The Florida House yesterday overwhelmingly passed HB 1397, Majority Leader Ray Rodrigues’ bill on implementing medical marijuana.
HB 1397 is now much closer to the SB 406, sponsored by Sen. Rob Bradley, who’s been leading the charge on all forms of medical marijuana for the last three years.
Here’s the good, the bad and the ugly.
The good is that the House has passed a bill that can be compromised with the Senate bill so the Legislature can fulfill its obligation to reasonably implement Amendment 2.
The 81-page bill has plenty of regulations to ensure Floridians who have a medical necessity for access to physician-recommended medical marijuana will indeed be able to get access.
The bad is that the House has given in to the proponents, and has agreed to allowing up to 10 more growers by next year about this time.
Smart Justice has consistently said more growers will be needed, but we’ve wanted the number to increase along with the number of patients, not set on a time-certain schedule.
With only about 2,000 patients signing up on the Medical Marijuana Registry at the University of Florida School of Pharmacy each month, it will take quite a few years before the patient numbers justify 10 new growers.
So, as long as the number of Florida-based physicians willing to go into a marijuana practice remains somewhat limited, patient growth will be curtailed accordingly.
Of course, the proponents will contend the $1,000 fee and now the four-hour medical course, which Smart Justice opposed lowering from the current eight-hour requirement, is the limiting factor that keeps more doctors from joining the ranks, when in fact, it’s that most doctors aren’t willing to have the stigma attached to their current practice simply to recommend medical marijuana.
And the stigma isn’t so much from the public -- at least for the time being -- but from their peers in the medical profession.
Part of it is due to the horrific experience and reputation that Florida incurred from the "pill mill" crisis, which resulted in a staggering number of deaths due to opioid pain killers. And part of it is because marijuana is still a Schedule I drug, according to the feds.
Having cited opioids, it’s interesting that freshman Rep. Carlos Smith would equate marijuana to being less dangerous than opioids in his comments during the floor debate. He said, “Would we rather have them use dangerous prescription drugs … or would we prefer that they smoke a bowl and go to sleep and actually wake up the next morning.?”
The answer is no, but it’s not that simple. To think that med marijuana smokers are going to smoke and then simply go to sleep is naïve at best. Many smokers may get into their cars and then get on the road, where Russian Roulette will have much more dangerous consequences.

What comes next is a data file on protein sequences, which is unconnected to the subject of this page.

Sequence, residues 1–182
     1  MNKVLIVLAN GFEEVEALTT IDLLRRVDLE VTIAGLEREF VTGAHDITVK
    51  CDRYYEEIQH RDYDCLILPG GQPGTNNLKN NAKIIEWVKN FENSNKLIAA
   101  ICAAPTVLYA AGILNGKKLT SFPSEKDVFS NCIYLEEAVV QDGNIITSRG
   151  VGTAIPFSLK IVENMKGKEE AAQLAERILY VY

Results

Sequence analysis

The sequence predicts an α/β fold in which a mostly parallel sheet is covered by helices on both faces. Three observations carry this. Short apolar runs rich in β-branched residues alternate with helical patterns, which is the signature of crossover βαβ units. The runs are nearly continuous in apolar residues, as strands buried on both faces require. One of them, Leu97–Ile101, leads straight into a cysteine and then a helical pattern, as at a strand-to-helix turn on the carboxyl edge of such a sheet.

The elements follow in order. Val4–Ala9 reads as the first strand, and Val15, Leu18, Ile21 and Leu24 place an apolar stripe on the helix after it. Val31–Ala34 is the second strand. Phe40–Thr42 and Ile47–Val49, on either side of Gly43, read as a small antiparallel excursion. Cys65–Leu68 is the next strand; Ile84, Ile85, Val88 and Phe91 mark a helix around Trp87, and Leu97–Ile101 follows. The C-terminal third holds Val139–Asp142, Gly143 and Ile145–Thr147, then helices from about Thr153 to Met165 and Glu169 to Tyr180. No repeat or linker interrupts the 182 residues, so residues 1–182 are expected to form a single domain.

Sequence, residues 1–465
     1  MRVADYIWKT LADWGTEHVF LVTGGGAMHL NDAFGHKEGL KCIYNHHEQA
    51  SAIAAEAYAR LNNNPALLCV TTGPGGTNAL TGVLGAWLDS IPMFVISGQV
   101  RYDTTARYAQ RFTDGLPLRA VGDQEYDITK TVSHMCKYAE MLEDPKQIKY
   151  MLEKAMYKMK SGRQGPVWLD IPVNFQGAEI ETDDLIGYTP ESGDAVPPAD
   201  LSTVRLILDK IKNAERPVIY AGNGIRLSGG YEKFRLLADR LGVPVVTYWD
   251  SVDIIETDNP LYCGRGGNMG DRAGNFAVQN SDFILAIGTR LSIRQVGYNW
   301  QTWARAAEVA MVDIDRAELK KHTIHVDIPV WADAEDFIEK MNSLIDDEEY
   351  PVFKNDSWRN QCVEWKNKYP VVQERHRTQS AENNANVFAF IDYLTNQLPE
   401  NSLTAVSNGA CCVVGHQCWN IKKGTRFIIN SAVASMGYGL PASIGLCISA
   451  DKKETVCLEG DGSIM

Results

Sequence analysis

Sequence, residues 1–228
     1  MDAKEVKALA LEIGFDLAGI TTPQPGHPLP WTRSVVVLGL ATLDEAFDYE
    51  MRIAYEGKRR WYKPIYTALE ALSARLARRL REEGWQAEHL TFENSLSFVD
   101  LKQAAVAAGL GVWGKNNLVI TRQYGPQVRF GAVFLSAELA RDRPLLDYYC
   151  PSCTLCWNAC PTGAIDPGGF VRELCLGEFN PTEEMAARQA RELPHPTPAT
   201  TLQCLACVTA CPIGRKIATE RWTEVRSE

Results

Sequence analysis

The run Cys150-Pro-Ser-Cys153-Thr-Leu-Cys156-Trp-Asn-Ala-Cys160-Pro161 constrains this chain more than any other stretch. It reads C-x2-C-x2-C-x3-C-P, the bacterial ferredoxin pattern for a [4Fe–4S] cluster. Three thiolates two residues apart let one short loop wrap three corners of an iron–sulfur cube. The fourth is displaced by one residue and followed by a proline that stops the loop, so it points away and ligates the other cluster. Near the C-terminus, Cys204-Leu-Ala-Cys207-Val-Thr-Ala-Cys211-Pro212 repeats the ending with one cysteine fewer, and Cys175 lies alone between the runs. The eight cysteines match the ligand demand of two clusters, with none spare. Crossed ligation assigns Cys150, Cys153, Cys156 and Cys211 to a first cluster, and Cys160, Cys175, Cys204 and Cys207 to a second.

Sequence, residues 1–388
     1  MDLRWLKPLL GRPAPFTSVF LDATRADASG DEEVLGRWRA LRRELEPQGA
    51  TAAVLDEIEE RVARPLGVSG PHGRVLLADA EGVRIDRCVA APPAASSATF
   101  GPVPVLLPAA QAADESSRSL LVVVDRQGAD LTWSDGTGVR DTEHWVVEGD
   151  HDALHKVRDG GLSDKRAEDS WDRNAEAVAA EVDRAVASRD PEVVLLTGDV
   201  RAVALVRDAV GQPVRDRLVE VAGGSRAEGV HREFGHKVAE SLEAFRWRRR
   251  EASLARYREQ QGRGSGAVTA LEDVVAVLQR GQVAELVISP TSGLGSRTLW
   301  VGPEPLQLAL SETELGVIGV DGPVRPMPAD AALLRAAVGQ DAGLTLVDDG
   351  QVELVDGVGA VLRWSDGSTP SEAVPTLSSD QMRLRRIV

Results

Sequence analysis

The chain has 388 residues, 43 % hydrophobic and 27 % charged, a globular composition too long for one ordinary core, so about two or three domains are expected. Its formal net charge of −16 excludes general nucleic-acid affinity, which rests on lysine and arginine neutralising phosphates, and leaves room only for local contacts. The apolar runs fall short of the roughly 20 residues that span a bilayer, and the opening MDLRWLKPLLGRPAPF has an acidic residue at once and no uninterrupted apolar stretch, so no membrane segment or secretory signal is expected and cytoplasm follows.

Think I’m exaggerating? It was just announced last week that for the first time in history, fatal traffic accidents by drug users has eclipsed alcoholic drivers. Or, they may take a walk in Florida, the most dangerous state for pedestrians.
No question that opioids are much more dangerous, especially the ones obtained illegally on the street, the ones now often laced with fentanyl or even worse, carfentanil.
The ugly is that the House also agreed to allow an unlimited number of dispensaries for each of the current growers, and any new growers in the future.
This doesn’t make any sense. The Senate has limited retail shops to three for each grower, and Sen. Rob Bradley has acknowledged in previous testimony in committee that three is probably too low -- but it was acceptable as a number to start with.
If the choice is between three and infinity, then I hope the number is closer to the Senate’s position. That number must increase to provide the access that patients need, but a reasonable number is better than an unlimited number.
Ben Pollara, a leading proponent, is predicting a disaster -- because the House bill “puts profits over patient access,” without any evidence that patients are indeed not getting the access they deserve.
Pollara went on to say, again without any evidence, that “prices will be high, quality will be low, and choices will be few. Patients will be driven to the black market.”
Understandably, prices are going to be high in the beginning because the supply hasn’t fully ramped up. In fact, not all the seven designated growers are even growing marijuana at this point, so yes, the price will be as high as it is for any medicine when it's first introduced.
The assertion that the quality will be low is another figment of Ben’s imagination.
The growers have testified that the growing and processing of this plant is an exact science and the fact that there must be a medical director on board, and with all the other regulations, it’s a fantasy that the marijuana will be of low quality.
Law enforcement has documented that marijuana today is much more concentrated than ever before, certainly much more than in the days when I smoked pot.
The fact that both the THC, CBD and the turpenes will be closely monitored -- and labeled -- indicates the medicine part of marijuana will be very exact if for no other reason than recommending physicians and the state will demand consistent product ingredients so they can ascertain what benefits, if any, the drug will provide.
The Legislature will pass a bill and send it to the governor for his review. While the Legislature hasn’t done everything that Smart Justice would have liked, they’ve nevertheless done an excellent job. Finally putting science before policy will make Florida a leader among the states.
Barney Bishop III is the President & CEO of Florida Smart Justice Alliance, a right-of-center, law enforcement-centric non-profit dedicated to rational criminal justice reform. He can be reached at Barney@SmartJusticeAlliance.org.